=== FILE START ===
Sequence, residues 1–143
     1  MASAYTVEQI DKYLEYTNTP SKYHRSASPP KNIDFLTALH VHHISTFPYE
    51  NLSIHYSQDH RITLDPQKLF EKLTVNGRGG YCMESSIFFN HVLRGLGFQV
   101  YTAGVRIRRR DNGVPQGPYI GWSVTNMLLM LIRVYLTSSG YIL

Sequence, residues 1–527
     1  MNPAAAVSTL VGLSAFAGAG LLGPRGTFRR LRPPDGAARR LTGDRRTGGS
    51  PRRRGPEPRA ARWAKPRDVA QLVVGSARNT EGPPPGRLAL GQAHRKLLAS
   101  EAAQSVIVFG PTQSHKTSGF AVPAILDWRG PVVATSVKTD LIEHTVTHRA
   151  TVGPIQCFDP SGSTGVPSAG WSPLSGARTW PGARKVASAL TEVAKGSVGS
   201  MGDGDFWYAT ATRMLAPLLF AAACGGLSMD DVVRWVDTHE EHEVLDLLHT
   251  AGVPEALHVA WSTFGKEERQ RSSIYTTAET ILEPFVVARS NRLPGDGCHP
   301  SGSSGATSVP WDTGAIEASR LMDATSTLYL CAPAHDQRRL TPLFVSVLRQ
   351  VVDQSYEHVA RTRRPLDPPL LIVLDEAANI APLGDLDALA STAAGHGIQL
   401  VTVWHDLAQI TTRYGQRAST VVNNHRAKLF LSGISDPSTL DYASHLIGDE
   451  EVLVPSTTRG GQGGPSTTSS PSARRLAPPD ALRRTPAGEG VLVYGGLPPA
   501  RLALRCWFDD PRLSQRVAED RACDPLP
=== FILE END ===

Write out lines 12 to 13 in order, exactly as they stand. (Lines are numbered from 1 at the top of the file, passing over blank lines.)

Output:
   301  SGSSGATSVP WDTGAIEASR LMDATSTLYL CAPAHDQRRL TPLFVSVLRQ
   351  VVDQSYEHVA RTRRPLDPPL LIVLDEAANI APLGDLDALA STAAGHGIQL